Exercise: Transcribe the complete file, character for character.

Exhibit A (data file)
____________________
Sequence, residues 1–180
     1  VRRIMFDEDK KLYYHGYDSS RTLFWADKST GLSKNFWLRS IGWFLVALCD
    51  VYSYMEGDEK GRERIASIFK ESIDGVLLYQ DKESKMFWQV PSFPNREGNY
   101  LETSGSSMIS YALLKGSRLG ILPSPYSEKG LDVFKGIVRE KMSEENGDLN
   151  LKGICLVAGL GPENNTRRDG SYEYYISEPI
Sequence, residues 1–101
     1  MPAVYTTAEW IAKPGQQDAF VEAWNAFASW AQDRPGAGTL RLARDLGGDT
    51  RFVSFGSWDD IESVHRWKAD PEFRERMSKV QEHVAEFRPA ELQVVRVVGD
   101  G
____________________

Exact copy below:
Sequence, residues 1–180
     1  VRRIMFDEDK KLYYHGYDSS RTLFWADKST GLSKNFWLRS IGWFLVALCD
    51  VYSYMEGDEK GRERIASIFK ESIDGVLLYQ DKESKMFWQV PSFPNREGNY
   101  LETSGSSMIS YALLKGSRLG ILPSPYSEKG LDVFKGIVRE KMSEENGDLN
   151  LKGICLVAGL GPENNTRRDG SYEYYISEPI
Sequence, residues 1–101
     1  MPAVYTTAEW IAKPGQQDAF VEAWNAFASW AQDRPGAGTL RLARDLGGDT
    51  RFVSFGSWDD IESVHRWKAD PEFRERMSKV QEHVAEFRPA ELQVVRVVGD
   101  G